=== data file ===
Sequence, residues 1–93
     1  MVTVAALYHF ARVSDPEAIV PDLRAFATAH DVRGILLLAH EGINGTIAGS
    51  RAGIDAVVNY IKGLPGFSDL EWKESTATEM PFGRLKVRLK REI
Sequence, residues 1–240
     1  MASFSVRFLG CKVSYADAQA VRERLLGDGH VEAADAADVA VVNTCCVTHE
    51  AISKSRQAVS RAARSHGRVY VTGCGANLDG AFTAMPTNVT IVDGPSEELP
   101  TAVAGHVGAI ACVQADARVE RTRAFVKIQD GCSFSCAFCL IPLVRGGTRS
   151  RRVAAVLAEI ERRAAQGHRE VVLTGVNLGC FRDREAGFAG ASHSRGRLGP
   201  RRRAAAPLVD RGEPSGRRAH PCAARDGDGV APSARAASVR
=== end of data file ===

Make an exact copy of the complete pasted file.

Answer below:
Sequence, residues 1–93
     1  MVTVAALYHF ARVSDPEAIV PDLRAFATAH DVRGILLLAH EGINGTIAGS
    51  RAGIDAVVNY IKGLPGFSDL EWKESTATEM PFGRLKVRLK REI
Sequence, residues 1–240
     1  MASFSVRFLG CKVSYADAQA VRERLLGDGH VEAADAADVA VVNTCCVTHE
    51  AISKSRQAVS RAARSHGRVY VTGCGANLDG AFTAMPTNVT IVDGPSEELP
   101  TAVAGHVGAI ACVQADARVE RTRAFVKIQD GCSFSCAFCL IPLVRGGTRS
   151  RRVAAVLAEI ERRAAQGHRE VVLTGVNLGC FRDREAGFAG ASHSRGRLGP
   201  RRRAAAPLVD RGEPSGRRAH PCAARDGDGV APSARAASVR